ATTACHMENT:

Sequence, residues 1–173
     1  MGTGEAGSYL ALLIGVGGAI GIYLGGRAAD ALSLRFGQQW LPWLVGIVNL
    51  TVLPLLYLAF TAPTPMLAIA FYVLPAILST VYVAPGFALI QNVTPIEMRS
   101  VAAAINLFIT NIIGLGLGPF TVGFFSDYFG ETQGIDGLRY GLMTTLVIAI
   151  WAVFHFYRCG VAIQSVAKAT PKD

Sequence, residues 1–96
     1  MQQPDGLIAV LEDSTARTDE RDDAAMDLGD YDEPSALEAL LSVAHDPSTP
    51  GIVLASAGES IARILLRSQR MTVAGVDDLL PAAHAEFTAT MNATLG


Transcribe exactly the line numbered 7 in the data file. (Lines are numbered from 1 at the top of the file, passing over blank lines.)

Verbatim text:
     1  MQQPDGLIAV LEDSTARTDE RDDAAMDLGD YDEPSALEAL LSVAHDPSTP